BRIGMAN v. STATE

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BRIGMAN v. STATE
1960 OK CR 18
350 P.2d 321
Case Number: A-12799
Decided: 02/24/1960
Oklahoma Court of Criminal Appeals

Appeal from the District Court of Bryan County; Sam Sullivan, Judge.

Plaintiff in error, Leon Charles Brigman, was convicted of the crime of burglary in the second degree and appeals. Reversed and remanded for a new trial.

Louie Gossett, Durant, for plaintiff in error.

Mac Q. Williamson, Atty. Gen., Sam H. Lattimore, Asst. Atty. Gen., for defendant in error.

BRETT, Judge.

¶1 This is an appeal by Leon Charles Brigman, plaintiff in error, defendant below, from a conviction of second degree burglary. 21 O.S. 1951 § 1435 [21-1435]. The action was lodged in the District Court of Bryan County, Oklahoma, by information. The defendant was tried by a jury, convicted, and his punishment fixed at two years in the state penitentiary. Judgment and sentence were entered accordingly, from which this appeal has been perfected.

¶2 The Attorney General has moved to dismiss the appeal for the reason the defendant has removed himself from the state. This Court has held in many cases it will not consider an appeal by a defendant unless the defendant is where he can respond to its order. This is a matter, however, within the discretion of the appellate court, whether it will proceed to dismiss the action or render a decision on the merits. Bryce v. State, 14 Okl.Cr. 456, 172 P. 976; Holden v. State, 14 Okl.Cr. 463, 172 P. 977; Webster v. State, 18 Okl.Cr. 183, 193 P. 431; Burden v. State, 24 Okl.Cr. 60, 215 P. 1076; Taylor v. State, 27 Okl.Cr. 356, 227 P. 905. Ordinarily, the appeal under such conditions will be dismissed, Hurt v. State, 72 Okl.Cr. 318, 115 P.2d 919; Herring v. State, 71 Okl.Cr. 69, 108 P.2d 193; but in a case where there is fundamental error disclosed by the record, in the exercise of its discretion this Court may proceed to a decision on the merits. Rushing v. State, 86 Okl.Cr. 241, 190 P.2d 828; Shamblin v. State, 90 Okl.Cr. 33, 210 P.2d 197.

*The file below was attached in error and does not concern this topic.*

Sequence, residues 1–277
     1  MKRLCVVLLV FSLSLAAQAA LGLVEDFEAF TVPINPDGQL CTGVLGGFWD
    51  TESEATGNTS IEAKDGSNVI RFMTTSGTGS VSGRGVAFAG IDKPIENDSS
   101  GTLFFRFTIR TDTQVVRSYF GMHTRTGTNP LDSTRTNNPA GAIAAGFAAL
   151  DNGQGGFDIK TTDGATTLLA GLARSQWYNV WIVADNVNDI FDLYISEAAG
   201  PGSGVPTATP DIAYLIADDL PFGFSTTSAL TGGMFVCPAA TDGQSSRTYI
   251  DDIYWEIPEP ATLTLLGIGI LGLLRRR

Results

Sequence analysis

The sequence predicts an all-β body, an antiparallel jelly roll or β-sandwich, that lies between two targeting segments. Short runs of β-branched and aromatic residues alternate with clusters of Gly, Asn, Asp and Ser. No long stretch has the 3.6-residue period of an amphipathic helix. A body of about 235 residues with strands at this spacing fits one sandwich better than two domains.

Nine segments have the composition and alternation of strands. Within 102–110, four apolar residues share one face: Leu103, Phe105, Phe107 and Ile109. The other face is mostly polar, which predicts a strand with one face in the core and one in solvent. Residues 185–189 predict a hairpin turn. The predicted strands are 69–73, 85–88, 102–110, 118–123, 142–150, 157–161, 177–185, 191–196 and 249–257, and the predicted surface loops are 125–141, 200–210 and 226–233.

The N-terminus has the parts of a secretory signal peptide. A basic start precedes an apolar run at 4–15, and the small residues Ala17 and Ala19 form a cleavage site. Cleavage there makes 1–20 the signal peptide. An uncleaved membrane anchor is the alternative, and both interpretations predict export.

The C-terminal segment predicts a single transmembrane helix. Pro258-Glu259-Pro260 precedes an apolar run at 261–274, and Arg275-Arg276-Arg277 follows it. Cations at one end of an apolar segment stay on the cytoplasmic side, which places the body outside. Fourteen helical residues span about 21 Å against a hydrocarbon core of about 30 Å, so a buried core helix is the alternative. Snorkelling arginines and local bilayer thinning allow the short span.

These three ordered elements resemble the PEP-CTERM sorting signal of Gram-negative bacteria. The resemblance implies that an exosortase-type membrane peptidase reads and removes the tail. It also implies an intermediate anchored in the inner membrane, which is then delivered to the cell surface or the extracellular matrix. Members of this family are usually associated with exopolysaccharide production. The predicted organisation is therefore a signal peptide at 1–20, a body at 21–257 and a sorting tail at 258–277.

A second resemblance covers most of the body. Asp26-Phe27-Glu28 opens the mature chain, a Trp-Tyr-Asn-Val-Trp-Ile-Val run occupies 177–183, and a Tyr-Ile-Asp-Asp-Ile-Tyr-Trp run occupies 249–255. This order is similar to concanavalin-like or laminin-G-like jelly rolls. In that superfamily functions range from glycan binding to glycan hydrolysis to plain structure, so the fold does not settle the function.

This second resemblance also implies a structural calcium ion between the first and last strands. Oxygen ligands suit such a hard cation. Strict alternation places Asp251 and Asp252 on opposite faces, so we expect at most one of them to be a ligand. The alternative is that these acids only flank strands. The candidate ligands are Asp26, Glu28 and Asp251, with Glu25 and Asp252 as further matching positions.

¶3 There is fundamental error in this record in that an alternate, or thirteenth juror was permitted to retire to the jury room and participate in the deliberations with the twelve lawfully assembled in the jury room. This is made evident by transcript of the proceedings in the lower court, filed by leave of this Court. In the trial court's opinion and order overruling the defendant's motion for new trial on the above ground, the following recital appears:

"As in the case at bar all jurors testified they did not know the 13th juror was present that he took no part in the discussion that he participated in only one (1) ballot that this ballot was more favorable to the defendant and accused than any ballots taken that as quickly as one ballot was had the court ordered the jurors back into open court where it was ascertained there were 13 jurors in the room that the court then ordered the 13th juror discharged and sent the 12 jurors back to deliberate.